Let Them Eat Pumpkin Spice Cookies: Isn't Teresa Heinz Kerry Rich!
Hays, Charlotte, The American Spectator
A CAMPAIGN STOP IN ARIZONA LAST AUGUST 9 offered an eerie glimpse of the couple that could be the next to occupy the White House. There was tall John Kerry, standing at the very edge of the Grand Canyon precipice, urging his reluctant spouse to join him. "Come on, darling," he seemed to repeat, as he reached in vain for her hand. "No, I'm not going," said an adamant Teresa Heinz Kerry, hiding behind at least one park ranger and clinging for dear life to her plastic water bottle. Of course, she explained it was her vertigo. But you could kind of tell she was not about to be forced into a version of Terry-Kerry.
The trauma left its mark. Hours later she was overheard crying "Hello, Nevada!" to a crowd of perplexed Arizonans.
Although John Kerry is running to become le président des Etats Unis and not le roi, he must be feeling a pang of sympathy with Louis XVI, another Gallic leader whose looselipped wife proved a distinct, if not lethal, liability to his political career. In fairness to Marie Antoinette, it must be noted that she didn't actually say some of the damaging things attributed to her. For example, she never said, "Let them eat cake." Those damning words were put in her mouth by Rousseau, the Paul Krugman of his day. On the other hand, Teresa Heinz Kerry did publicly disavow her own pumpkin spice cookie recipe to both the New York Times and National Public Radio.
Recipegate began when Laura Bush's oatmeal-chocolate chunk cookies were beating the dough out of Teresa's pumpkin spice cookies in Family Circle magazine's quadrennial first lady cookie bake-off. This led Heinz Kerry to denounce the recipe that had been submitted in her name, claiming that a member of her staff "made it on purpose to give a nasty recipe." She insisted that somebody was trying to give her a pie in the face by submitting a recipe that neither she nor her chef had ever tried.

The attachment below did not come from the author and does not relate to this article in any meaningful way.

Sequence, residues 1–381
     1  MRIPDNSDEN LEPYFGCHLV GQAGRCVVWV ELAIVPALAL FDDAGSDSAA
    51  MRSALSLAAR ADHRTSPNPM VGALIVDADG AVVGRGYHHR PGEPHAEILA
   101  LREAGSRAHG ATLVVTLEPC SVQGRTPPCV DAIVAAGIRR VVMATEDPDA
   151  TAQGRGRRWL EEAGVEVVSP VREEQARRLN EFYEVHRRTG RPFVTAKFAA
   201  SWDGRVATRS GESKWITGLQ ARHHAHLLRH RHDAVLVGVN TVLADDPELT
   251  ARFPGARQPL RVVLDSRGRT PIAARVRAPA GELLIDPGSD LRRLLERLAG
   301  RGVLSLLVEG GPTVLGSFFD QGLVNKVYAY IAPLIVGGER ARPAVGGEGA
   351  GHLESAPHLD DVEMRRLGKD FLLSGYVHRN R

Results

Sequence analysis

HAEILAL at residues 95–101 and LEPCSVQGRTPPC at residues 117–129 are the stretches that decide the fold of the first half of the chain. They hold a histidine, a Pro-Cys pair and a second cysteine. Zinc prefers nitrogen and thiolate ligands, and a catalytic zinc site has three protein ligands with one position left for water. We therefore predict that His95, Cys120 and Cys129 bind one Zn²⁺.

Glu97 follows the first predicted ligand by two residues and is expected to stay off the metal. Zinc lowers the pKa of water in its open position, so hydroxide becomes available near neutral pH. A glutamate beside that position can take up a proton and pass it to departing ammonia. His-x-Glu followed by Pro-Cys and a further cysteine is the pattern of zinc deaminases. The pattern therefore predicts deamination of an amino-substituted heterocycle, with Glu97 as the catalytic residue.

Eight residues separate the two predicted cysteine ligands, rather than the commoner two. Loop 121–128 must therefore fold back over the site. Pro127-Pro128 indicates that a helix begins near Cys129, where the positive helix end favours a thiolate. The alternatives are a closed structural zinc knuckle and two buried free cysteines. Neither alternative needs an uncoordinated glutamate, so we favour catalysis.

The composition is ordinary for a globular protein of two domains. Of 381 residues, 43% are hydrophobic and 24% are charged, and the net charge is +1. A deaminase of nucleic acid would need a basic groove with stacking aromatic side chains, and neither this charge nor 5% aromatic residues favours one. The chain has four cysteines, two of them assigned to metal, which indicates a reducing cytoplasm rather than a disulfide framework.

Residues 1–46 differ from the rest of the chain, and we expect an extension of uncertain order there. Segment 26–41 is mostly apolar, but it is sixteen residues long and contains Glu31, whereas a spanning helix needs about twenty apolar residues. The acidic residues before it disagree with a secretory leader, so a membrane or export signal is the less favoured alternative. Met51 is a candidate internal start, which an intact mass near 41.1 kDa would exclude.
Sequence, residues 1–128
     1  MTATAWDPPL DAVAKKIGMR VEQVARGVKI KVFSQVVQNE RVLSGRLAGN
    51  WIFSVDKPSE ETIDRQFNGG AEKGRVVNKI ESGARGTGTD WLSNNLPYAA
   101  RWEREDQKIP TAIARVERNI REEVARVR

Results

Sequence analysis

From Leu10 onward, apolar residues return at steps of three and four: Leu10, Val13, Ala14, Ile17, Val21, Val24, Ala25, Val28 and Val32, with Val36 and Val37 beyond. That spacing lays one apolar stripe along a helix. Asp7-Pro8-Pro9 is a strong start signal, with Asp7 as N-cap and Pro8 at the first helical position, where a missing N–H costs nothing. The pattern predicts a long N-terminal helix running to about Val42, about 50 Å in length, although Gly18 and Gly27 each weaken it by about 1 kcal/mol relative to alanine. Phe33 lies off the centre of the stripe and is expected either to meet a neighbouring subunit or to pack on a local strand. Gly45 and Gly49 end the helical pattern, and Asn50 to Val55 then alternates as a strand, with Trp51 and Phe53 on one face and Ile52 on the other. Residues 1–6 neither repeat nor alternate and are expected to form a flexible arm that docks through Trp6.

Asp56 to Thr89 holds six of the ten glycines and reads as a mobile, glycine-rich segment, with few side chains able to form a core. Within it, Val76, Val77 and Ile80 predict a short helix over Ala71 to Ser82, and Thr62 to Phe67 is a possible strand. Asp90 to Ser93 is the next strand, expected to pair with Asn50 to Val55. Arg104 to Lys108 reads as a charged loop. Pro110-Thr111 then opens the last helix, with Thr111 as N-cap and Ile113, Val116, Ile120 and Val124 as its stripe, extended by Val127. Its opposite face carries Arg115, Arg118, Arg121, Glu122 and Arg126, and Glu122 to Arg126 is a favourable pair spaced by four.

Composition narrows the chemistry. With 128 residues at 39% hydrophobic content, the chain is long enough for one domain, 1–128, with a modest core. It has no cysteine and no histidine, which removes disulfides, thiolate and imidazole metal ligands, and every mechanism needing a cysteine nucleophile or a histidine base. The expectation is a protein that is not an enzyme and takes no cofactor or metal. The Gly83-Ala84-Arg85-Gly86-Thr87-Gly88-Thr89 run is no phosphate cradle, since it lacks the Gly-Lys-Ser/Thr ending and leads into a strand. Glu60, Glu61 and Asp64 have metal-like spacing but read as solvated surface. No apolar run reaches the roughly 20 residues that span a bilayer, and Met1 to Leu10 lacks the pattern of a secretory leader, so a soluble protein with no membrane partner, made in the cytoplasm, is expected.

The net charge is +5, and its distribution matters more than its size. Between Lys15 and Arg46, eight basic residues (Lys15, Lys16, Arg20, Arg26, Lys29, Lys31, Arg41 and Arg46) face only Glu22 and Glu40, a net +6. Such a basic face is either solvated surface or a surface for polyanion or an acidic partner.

The average homemaker, confronted with such a problem, would simply shrug and say, "Quel dommage." She'd then repeat the sentiment in five or six languages, and that would be the end of it. But nothing is too small to irk Teresa, who turned the pumpkin spice fiasco into a news story, darkly hinting that a Vast Servants Conspiracy was out to destroy her. Then again, she is well positioned to know what her staff thinks of her.
As of this writing, the irrepressible Teresa has been repressed, presumably by a campaign that realizes that, after the Swift Boat Veterans for Truth, Teresa is one headache it can do without. She has been in seclusion for several weeks. But, if we know our Teresa, she will eventually surface, climbing her way out of the Grand Canyon, or wherever the campaign has ditched her, to reclaim her rightful place in the spotlight.
The evolution of Teresa Heinz Kerry is one of the more curious in American political history-she is our first potential Democratic first lady who might just as well have been a Republican first lady. She was married to Sen. John Heinz, a Republican from Pennsylvania and great-grandson of food magnate Howard Heinz. m Heinz was killed in a plane crash in m 1991. She inherited a fortune variously estimated as between $500,000 and $1 billion. A Los Angeles Times story put it at $3 billion. As a philanthropist, Heinz Kerry has supported trendy left-wing causes such as John Kerry. As head of the Heinz family's philanthropic foundation, she's poured around $4 million into the Tides Foundation, an umbrella organization for sundry far-left groups. She has also worked tirelessly to rebuild Pittsburgh in the image of Paris instead of Mozambique.
SHE MET KERRY AT AN ENVIRONMENTAL RALLY in Brazil (and she still called herself a Republican?) and was smitten. Kerry was relatively penurious-who isn't, compared to Teresa?-but he was quite the ladies man, and the ladies were invariably tony. Among his pre-Teresa girlfriends was Emma Gilbey, of the eponymous English gin firm and the sister of James "Squidgy" Gilbey-she's now married to New York Times editor Bill Keller, in a stunning conflict of interest. …